May 25 • 31M

The Italians of Mahovljani

The legacy of 55 families that arrived in the late 1800's

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A podcast hosted by David and Tamara Pejčinović-Bailey, about Living in Bosnia and Herzegovina, interviewing interesting people and telling stories from this often misunderstood country. We would love to answer any questions you might have. If you would like to support what we do, you can buy us a coffee at: https://buymeacoffee.com/davidbailey. We really hope that you'll subscribe and enjoy :) By the way. What is a podcast in our view? Well we subscribe to "It’s on-demand audio. Like a radio show, but on-demand.” That’s it. That’s all a podcast really is. The “on-demand” bit is important. It’s the defining thing about podcasting. The “audio” bit is important. Yes, you can get video podcasts, but the point of any podcast, even one with video in it, is as a piece of audio. (Close your eyes, and it should still work)".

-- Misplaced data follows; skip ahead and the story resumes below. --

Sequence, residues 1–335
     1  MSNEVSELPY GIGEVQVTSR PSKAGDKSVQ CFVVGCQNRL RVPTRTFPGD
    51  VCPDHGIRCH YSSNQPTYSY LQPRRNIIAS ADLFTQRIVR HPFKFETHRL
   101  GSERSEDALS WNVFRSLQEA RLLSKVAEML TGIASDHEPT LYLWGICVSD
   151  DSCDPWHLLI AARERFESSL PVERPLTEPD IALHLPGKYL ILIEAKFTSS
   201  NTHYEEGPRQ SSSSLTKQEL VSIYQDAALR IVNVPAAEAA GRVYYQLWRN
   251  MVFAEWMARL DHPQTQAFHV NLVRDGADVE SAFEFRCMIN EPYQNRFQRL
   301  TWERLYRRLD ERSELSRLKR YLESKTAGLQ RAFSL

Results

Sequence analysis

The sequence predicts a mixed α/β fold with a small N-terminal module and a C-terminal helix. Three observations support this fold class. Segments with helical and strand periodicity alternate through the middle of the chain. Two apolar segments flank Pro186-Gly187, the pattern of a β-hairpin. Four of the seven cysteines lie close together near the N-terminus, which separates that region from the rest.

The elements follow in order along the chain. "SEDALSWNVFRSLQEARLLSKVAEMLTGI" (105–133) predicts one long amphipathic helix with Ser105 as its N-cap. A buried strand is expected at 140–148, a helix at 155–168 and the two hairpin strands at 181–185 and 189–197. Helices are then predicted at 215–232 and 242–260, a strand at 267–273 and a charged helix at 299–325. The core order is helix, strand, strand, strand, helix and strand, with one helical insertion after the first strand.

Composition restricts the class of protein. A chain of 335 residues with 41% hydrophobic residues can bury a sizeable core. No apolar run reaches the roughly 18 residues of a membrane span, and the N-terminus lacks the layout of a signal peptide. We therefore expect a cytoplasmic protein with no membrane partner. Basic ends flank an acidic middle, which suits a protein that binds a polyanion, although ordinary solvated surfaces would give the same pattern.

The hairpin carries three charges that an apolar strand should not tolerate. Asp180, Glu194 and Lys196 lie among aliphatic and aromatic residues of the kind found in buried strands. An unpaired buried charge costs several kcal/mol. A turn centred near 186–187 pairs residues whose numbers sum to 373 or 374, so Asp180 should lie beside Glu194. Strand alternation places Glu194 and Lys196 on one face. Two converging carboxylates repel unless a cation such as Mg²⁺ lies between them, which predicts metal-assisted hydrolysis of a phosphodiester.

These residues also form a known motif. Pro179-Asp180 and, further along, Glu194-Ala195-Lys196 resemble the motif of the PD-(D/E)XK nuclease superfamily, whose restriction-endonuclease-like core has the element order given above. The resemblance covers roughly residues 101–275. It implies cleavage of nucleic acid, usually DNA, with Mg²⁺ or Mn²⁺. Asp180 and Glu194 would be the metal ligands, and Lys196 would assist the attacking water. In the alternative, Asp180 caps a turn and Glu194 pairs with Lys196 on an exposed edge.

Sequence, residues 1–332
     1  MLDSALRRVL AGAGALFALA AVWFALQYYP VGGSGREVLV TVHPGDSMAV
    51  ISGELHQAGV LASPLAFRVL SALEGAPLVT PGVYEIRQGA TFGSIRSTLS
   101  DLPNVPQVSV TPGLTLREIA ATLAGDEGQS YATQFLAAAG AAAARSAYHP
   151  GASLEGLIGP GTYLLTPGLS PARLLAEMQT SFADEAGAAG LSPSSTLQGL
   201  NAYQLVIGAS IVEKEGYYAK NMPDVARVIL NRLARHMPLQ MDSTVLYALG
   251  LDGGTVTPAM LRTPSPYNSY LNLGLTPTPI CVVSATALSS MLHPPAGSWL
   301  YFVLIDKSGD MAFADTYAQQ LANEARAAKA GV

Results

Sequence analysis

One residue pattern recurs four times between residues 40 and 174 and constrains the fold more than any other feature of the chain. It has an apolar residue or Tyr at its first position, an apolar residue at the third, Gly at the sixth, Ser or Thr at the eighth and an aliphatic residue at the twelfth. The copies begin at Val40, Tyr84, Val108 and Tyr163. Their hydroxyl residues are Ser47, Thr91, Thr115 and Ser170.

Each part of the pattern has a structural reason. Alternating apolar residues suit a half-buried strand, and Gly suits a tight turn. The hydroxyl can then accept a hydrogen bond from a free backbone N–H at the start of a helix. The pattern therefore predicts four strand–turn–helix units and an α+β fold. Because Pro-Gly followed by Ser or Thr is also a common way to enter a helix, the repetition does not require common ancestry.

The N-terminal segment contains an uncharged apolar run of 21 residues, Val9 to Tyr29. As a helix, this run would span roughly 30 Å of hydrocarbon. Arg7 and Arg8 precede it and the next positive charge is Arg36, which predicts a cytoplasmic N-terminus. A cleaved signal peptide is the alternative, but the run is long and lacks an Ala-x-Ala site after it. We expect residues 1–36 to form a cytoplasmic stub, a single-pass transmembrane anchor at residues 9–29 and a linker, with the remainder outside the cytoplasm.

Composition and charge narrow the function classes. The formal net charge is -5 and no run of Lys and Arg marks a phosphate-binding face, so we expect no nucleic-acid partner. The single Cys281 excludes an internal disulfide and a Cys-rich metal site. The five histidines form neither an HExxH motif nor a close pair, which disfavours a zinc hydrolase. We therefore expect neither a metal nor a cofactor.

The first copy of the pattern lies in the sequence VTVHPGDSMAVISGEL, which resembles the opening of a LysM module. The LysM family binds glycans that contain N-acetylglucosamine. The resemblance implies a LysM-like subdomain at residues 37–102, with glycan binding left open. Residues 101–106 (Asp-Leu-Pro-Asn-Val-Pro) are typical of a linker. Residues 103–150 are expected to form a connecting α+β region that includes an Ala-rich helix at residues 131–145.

Episode details
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Me, Beppe and Guilia

Hello and welcome to the podcast, where in this episode we look at the legacy of a group of some 55 Italian families that came to the village of Mahovljani back in the late eighteen hundreds.

The early Italian children of Mahovljani
The Church of St Francis of Assisi. It still sadly carries the marks of rocket propelled grenades from the conflict of the 1990’s.

Today all that remains of that Italian influence is its church, high on the hill, vineyards that those settlers founded (and by the way are still harvested and turned into wine), and families with both Italian first and second names.

Many years ago I heard about this small former colony near where I have lived for nearly 20 years.

I have been intrigued ever since.

So, to my surprise and by pure chance, I bumped into one of the descents of one of the Italian families, Guilia, and asked her if she could tell me more about her community.

Looking down over the Vrbas Valley

She agreed, and so we met her, and her family, at the Italian church on the hill, looking down on the Vrbas valley, just like her ancestors must have done on their arrival over 140 years ago.

It’s quite the story.

Guilia with her wonderful Italian Food
Wine from the Vineyard in Mahovljani

Location of St Francis of Assisi

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